Since time immemorial, information has been created and propagated by experts and crowds alike, each contributing to our collective store of knowledge, and therefore human development, in their own unique ways. However, experts and crowds aren't necessarily happy bedfellows and the conflict between these two sources of knowledge and information is now being fought out online at an astonishing pace. This conflict is one of the driving forces in the Internet's evolution and may in fact be the key determinant of our entire relationship with information going into the next decade.
As the sources of most knowledge, experts and crowds are responsible for a lot of what's good, but also a lot of what's bad. Crowds for example have given us Amazon product ratings, Wikipedia, and a multitude of cultural and political movements harnessing the web. However, crowds have also been responsible for the persistence of irrational superstitions, financial borrowing that exceeds means, and Katie Price.
Experts have given us the iphone, laser eye surgery and modern plumbing, but occasionally have also given us persistent, concentrated, damaging sources of misinformation - it was an 'expert' that created that largely unfounded panic about the link between MMR and autism for example.
But let's start with crowds.
The value of the crowd is in the aggregation of collective knowledge, where the aggregation overwhelms the inevitable voices in the crowd that are just plain wrong about whatever the focus at that time might be. The theory is generally sound, but also problematic, as on closer inspection the crowd's strengths are also its potential drawbacks, and for several reasons.
Firstly, the opportunities to contribute that have been afforded to the individual through social web innovations (digg, Twitter, blogs, etc.) have made it incredibly easy for anyone to join the discourse and co-determine its direction, and that direction might not be particularly productive. For example, crowds write articles, digg, write blog posts, twitter all day, and affect search engine algorithms by linking to pages on the internet, but those people in the crowd might just be the people with the most time on their hands, and not necessarily those with the most knowledge and expertise. Arguably, the people with the most to offer are too busy producing those things that the crowd will then talk about, instead of driving or contributing to the lifecycle of its discourse.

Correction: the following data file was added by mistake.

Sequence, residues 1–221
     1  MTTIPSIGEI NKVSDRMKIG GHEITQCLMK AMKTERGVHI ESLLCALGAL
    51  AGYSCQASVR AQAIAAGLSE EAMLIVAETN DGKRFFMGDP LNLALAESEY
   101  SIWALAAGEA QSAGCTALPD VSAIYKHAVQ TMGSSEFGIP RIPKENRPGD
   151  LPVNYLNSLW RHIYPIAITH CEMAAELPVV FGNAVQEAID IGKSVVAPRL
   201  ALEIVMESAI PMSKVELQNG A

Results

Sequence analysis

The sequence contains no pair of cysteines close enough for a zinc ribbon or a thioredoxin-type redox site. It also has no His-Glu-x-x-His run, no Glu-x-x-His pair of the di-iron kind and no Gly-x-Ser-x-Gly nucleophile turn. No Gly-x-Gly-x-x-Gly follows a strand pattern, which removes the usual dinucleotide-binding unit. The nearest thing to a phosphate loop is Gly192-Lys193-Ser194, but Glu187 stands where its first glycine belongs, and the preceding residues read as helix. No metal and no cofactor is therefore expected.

Secondly, the crowd tend to be, in aggregate, drawn to the fun and the frivolous, as that is the common ground between its contributors, given that they are an extreme mixture of talents, professions, compulsions and convictions. This focus on the frivolous does indeed take the human pulse of our society, but arguably this focus does little to further real human knowledge on the really important stuff, nor does it allow any voice of dissention if that dissention is unpopular. Consider for example that Ashton Kutcher is the most followed person on Twitter, and not Stephen Fry or Noam Chomsky. Thomas Fuller, the historian, once said that 'the mob has many heads but no brains' and there does seem to be a degree of truth in that statement.
Thirdly, the crowd's ROE ('return on energy expended') is typically very poor, with swarms of people spending huge amounts of time, energy, and often money producing things that either have no intrinsic value or have already been produced. For example, during the heavy snow of 2009 in the UK the BBC received 35,000 images of the conditions from people experiencing it after it asked the crowd to contribute. That's a lot of collective time and effort for what wasn't particularly useful and for what a meteorologist could have told the BBC within a few minutes. Yes, the images might have shown the human perspective of the extreme weather, but 35,000 images, mostly of snow, is overkill, and the BBC itself didn't expect anywhere near that many and had no real use for them.